The "insanely, outlandishly expensive" U.S. health insurance system is the product of random WWII-era tax provisions," according to Vox's Sarah Kliff, in an article published today.
In the article, titled "8 facts that explain what's wrong with American healthcare," Kliff explores why the American healthcare system has run off the rails, including some of the history behind the employer-based healthcare found in the U.S.
"If you want to understand why we are the only developed country with an employer-based health insurance--really, the only one--then you had better get familiar with the 1954 Internal Revenue Service Tax Code, Kliff writes.
The 1954 Internal Revenue Service Tax Code codified that companies can provide health insurance benefits to workers tax-free. This affirmed a 1943 IRS Tax Court ruling that had also decreed health benefits to be non-taxable, Kliff notes.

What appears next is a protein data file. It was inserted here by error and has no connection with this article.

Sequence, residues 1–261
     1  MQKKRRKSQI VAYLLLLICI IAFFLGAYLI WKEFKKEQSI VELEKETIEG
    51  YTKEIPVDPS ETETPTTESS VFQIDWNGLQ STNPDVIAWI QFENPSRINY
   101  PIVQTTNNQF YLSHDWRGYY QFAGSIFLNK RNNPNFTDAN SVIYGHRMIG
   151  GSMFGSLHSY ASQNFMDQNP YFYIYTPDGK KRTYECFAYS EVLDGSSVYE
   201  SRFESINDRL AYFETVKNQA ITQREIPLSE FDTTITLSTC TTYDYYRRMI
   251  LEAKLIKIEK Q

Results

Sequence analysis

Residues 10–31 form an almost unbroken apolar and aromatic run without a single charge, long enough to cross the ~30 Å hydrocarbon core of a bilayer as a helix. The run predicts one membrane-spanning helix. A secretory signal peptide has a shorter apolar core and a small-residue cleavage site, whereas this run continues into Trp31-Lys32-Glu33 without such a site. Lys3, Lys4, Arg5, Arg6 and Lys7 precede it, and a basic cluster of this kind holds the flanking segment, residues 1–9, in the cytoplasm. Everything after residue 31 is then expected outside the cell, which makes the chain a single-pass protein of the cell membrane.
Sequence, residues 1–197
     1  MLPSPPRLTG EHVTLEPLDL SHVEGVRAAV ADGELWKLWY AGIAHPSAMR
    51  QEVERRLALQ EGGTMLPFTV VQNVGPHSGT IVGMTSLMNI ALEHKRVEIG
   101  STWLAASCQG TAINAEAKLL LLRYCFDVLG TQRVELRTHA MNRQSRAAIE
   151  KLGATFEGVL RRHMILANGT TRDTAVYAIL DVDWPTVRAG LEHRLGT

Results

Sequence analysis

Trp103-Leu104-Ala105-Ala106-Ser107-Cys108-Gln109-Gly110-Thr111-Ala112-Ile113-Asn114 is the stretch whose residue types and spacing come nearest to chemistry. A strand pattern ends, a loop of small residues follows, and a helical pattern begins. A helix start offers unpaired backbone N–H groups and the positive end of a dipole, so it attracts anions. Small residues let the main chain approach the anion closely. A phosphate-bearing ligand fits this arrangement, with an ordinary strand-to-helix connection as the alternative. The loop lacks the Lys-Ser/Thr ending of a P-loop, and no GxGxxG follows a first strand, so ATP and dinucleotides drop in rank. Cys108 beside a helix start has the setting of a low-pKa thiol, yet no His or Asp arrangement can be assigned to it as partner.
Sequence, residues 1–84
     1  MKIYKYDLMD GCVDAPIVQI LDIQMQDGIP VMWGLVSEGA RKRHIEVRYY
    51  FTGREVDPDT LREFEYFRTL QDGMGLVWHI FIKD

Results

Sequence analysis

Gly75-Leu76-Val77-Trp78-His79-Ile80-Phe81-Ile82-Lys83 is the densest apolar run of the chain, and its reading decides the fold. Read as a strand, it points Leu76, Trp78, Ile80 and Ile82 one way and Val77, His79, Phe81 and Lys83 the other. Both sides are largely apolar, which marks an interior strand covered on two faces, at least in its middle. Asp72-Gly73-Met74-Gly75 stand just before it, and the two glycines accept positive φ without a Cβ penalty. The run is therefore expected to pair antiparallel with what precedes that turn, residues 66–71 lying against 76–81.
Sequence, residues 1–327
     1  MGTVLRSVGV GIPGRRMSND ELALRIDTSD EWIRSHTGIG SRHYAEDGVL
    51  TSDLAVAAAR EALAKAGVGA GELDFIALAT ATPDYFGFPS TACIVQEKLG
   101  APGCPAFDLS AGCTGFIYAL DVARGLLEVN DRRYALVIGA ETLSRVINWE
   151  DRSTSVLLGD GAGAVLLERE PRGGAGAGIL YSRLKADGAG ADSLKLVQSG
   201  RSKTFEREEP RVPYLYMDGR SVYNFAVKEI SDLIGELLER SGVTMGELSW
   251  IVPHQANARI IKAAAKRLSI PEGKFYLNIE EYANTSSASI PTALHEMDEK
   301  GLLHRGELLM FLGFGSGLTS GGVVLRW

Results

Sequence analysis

"The early decisions were made in the context of a wartime tax code. There were overwhelming taxes meant to stop wartime profiteering and keep unions from shutting down production to extract wage gains," according to Kliff.
A dollar in un-taxed health benefits is worth more to a worker than a dollar in wages, she explains. "That's a huge discount off the price of health insurance," says Melissa Thomasson, an economist at Miami University, quoted in the Vox article. "And it happened very quietly."
Flash forward about 80 years or so, and the health insurance tax break is the biggest in the federal budget; the government loses out on $260 billion annually by not taxing health benefits. The majority of non-elderly Americans get their health insurance at work, and with good reason: the tax-free dollar can buy a lot more medical care, writes Kliff.
While it might be true that tax-free healthcare brings savings to premiums, it doesn't always do much for out-of-pocket expenses, FierceHealthcare previously reported.
Out-of-pocket spending per person was $768 in 2012, an increase of 4.8 percent, according to the report. Nearly half of all out-of-pocket dollars went to professional procedures, such as doctor visits or lab tests, according to the HCCI report. Furthermore, the report indicates that adults ages 55 to 64 outspent those under 18 nearly three to one, and women spent approximately $200 more than men, FierceHealthcare notes.